LONDON — The BBC is poised to reveal that just a third of its best-paid stars are women.
The broadcaster will publish a list of TV and radio talent who earn more than £150,000 ($US195,000) on Wednesday, exposing the gender pay gap for the first time.
BBC director general Tony Hall confirmed the disparity in an internal staff video on Tuesday, ahead of tomorrow’s announcement.
His words were first reported by trade magazine Broadcast, but Business Insider has also seen a transcript of his message.
“At the moment, of the talent earning over £150,000, two-thirds are men and one-third are women. Is that where we want to be? No. Are we pushing further and faster than any other major broadcaster? Most certainly,” Hall said.
Some 109 stars earned more than £150,000 at the BBC last year. If this figure remains steady this year, it will mean that around 36 women are named among the broadcaster’s top earners on Wednesday.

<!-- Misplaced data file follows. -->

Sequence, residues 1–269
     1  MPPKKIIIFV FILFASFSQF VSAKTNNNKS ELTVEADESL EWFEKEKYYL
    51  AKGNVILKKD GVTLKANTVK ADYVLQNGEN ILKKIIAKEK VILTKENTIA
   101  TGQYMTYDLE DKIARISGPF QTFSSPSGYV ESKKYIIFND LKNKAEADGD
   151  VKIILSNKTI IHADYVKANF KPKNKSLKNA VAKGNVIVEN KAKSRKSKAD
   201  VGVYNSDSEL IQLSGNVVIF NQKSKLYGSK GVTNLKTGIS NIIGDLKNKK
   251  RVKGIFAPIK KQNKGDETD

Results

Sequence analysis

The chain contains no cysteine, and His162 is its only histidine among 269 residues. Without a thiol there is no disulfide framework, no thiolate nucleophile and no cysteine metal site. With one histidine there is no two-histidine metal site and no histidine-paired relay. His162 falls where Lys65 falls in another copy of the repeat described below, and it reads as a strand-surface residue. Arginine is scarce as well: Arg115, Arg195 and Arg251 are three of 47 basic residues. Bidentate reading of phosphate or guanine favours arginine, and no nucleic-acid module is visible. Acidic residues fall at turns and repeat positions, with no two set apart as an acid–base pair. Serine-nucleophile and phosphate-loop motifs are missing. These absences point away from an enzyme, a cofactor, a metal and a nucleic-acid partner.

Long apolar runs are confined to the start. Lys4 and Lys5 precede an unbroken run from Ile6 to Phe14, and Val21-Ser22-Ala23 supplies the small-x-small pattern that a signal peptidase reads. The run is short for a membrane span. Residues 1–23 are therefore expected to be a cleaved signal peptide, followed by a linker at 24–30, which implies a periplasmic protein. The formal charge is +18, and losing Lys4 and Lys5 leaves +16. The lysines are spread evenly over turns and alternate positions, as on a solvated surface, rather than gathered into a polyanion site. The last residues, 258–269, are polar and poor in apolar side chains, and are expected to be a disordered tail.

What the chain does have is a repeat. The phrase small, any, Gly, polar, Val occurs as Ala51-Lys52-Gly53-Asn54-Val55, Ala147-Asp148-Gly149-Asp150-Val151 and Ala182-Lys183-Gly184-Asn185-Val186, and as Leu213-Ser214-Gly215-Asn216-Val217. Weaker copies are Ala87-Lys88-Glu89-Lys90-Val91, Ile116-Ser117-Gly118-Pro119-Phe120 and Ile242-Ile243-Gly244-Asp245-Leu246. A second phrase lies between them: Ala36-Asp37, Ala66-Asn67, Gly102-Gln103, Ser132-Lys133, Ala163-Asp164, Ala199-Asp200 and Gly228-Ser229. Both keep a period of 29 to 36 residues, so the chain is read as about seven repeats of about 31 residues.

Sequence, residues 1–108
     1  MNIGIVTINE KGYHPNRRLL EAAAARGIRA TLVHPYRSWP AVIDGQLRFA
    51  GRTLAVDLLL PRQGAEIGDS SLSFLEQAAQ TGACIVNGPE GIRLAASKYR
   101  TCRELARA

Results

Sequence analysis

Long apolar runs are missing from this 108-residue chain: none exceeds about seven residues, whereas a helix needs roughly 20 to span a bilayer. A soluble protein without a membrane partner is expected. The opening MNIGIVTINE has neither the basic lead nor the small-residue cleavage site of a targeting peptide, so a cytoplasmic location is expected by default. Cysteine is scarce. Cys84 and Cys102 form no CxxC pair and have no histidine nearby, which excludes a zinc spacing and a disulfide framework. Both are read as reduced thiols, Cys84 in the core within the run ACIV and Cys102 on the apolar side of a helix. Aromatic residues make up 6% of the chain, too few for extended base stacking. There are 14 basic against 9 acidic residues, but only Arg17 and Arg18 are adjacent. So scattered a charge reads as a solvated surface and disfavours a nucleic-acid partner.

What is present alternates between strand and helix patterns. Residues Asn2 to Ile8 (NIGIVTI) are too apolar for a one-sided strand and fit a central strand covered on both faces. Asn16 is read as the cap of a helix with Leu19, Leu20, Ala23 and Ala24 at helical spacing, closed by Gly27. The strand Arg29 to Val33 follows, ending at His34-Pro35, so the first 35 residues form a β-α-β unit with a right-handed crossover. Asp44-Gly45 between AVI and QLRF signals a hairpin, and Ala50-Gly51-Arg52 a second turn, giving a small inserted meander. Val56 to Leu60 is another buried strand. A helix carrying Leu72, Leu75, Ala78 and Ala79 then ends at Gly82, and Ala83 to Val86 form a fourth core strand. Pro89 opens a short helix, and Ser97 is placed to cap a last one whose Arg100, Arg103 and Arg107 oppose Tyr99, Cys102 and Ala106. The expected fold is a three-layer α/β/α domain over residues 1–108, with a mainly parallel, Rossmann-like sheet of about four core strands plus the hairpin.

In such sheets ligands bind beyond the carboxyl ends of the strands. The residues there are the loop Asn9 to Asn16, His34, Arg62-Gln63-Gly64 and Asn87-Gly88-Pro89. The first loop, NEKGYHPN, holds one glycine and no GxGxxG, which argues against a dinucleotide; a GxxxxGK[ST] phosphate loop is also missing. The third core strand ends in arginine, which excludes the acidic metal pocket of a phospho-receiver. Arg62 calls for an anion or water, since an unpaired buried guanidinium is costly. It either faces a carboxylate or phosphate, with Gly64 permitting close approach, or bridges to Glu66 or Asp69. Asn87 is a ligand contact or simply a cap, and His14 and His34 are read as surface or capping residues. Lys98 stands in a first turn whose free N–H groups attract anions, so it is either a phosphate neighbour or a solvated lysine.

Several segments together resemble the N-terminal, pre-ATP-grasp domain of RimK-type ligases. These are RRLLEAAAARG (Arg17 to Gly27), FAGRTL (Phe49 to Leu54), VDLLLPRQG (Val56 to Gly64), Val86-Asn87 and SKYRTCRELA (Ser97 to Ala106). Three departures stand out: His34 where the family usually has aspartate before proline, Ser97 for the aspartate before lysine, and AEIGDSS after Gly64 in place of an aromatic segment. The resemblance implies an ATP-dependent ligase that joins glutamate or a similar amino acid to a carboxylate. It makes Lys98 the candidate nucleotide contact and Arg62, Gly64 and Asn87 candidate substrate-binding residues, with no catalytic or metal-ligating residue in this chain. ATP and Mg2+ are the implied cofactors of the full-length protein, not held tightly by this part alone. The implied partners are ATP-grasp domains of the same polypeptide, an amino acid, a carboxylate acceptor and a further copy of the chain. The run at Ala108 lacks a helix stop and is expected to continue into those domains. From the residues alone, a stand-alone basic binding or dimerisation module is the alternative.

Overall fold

BBC News anchor Fiona Bruce and political editor Laura Kuenssberg are two of the BBC’s best-paid female stars. Bruce reportedly earns between £500,000 and £800,000, while Kuenssberg has a salary of between £300,000 and £350,000, according to the Telegraph.
As well as revealing that men significantly outnumber women among top earners, the BBC’s disclosure could also show that men pick up much bigger pay cheques. Hall told staff that this is a complicated issue.
“Comparing people’s pay is not straightforward. Very few do precisely the same thing — people working at the same show may have other, or different, commitments,” he explained.
The BBC has a “profound” aim to redress the balance
The BBC is making changes, however.
It has committed to ensuring that the number of lead actor or presenting roles is equally divided between men and women by 2020.
“This broader target will have a profound impact not just on BBC but on the whole media industry. It’s going to change dramatically the market for talent in this country,” Hall said.
The BBC is publishing star pay after the government asked it to be more transparent about the way it spends its £3.7 billion income from TV licence fee payers.